Dear Dr. Eldritch,|
I accidentally sold myself into slavery! Please help me get out of this contract!
While surfing the web a couple weeks ago, I saw a "Desktop Minion" utility that was really cute. It was free, so I downloaded it. When I came to the terms and conditions page, I just clicked "I agree." Well, a couple days later, these big guys show up at my door. They asked if I was the one who downloaded the minion software, and when I said yes, they grabbed me, and threw me into a black van! It turns out that there's a clause that says I have to serve ten years of "indentured servitude" in exchange for the program!
I tried to argue that I hadn't read everything in the agreement, but they just laughed. Now I'm being kept in a subterranean cavern with dozens of others who downloaded the software. We're being forced to do data mining, and the overseers whip us if we work too slowly. We fight over the food, which is terrible, and what's worse, we're only allowed fifteen minutes of Internet a day! There's no spam filters or pop-up blockers, so you can guess where most of that time goes.
I managed to email my family, and they contacted a lawyer. She said that it was a binding legal contract, and I should have read it more carefully. Some help! I know I got myself into this, but there must be some way out, other than ten years working for pennies a day. What can I do to escape?
-- Melinda, somewhere underground
Let me guess; you're Internet savvy enough not to buy "magical pixie dust" from unsolicited emails, so you were confident you couldn't be fooled. Now, most advice columnists would try to be supportive and validate your choices, but I have to ask: What were you thinking? I know; it didn't occur to you that someone would so cruelly exploit another's carelessness. I can see how you'd believe this, as unscrupulous individuals have only been deceiving the gullible for, oh, thousands of years. So it's still rather new.
Perhaps you felt you were too smart to be tricked. If so, I suggest you look around at your present circumstances and reassess. You may be highly intelligent, but the opposite of "gullible" is not "clever," it's "incredulous" (the judges would also accept "skeptical"). Every day, bright people fall for scams, cons, advertising, and cheap pick-up lines, so you're in good company. You wouldn't believe how many times Albert Einstein bought x-ray glasses from the back of a comic book.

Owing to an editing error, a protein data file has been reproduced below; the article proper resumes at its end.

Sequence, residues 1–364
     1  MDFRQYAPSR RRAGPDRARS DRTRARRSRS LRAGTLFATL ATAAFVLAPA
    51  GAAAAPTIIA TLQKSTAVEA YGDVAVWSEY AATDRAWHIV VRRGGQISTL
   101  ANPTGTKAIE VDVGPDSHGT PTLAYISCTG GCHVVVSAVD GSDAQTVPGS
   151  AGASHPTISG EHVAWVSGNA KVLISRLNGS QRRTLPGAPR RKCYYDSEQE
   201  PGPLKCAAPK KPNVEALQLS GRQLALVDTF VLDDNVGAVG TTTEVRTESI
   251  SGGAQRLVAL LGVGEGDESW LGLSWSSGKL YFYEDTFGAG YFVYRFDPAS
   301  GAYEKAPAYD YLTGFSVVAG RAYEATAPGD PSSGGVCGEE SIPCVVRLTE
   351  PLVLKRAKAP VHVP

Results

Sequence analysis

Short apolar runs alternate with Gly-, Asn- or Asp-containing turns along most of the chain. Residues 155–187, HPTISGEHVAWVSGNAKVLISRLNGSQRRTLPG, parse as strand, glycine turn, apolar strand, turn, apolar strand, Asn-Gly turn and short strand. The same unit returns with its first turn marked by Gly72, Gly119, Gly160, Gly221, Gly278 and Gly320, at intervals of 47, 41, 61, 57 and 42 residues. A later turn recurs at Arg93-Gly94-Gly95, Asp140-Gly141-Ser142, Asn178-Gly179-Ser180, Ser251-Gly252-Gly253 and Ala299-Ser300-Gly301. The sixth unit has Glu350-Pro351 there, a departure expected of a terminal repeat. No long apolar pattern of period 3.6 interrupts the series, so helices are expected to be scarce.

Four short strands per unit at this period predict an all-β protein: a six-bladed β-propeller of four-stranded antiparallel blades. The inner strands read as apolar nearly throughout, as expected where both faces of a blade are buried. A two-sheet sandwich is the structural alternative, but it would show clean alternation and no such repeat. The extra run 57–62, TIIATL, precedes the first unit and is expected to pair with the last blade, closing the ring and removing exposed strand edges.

I know, I shouldn't be kicking you while you're underground, and you've probably been doing enough of it already. So let's see what can be done. I've got some bad news, and some not-quite-as-bad news. Bad news first: Your lawyer is correct, an online EULA (that's End-User Licensing Agreement, of course) is binding, and you fell for it lock, stock and pillory. I trust you'll be more careful in the future when you click.
The less-bad news is that there's always an escape clause. That's a hold-over from the ancient evil traps like opening puzzle boxes, reading mystical grimoires, or summoning demonic entities. These are implied contracts, and the legal profession has continued the tradition. As a side note, you'd actually be better off if it was a magical contract, as enforcement is done by the arcane forces of magic, which are notoriously difficult to subvert. Corporations are perfectly willing to breach merely legal contracts when it becomes easier to default than to honor them.
But I digress. Read the agreement very carefully, looking for any tiny loophole or condition that may nullify the contract. If it's air-tight, you may be required to challenge the corporation and beat its champion in a competition. That's fairly common. How's your chess game?
The other option is to foment a rebellion! Who hasn't wanted to incite an angry mob to throw off their chains and rise up against the oppressors! True, it's a mob of the sort of people who would download free software, but the promise of high-speed Internet access may stir them to be heroic. Liberté! égalité! ISP!
If it's any comfort, I'm told by my friends from the Future that a class-action lawsuit will eventually be won against companies that use deceptive EULA tactics. Afterward, they'll be required to provide a concise summary of terms, highlighting any unsual or unexpected conditions, like your servitude clause. It doesn't really help you now, but your suffering will help prevent future victims. Perhaps they'll send you some magical pixie dust in gratitude.
Good luck, and let me know how it comes out!
-- Dr. Eldritch
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|© 2005 Evan M. Nichols|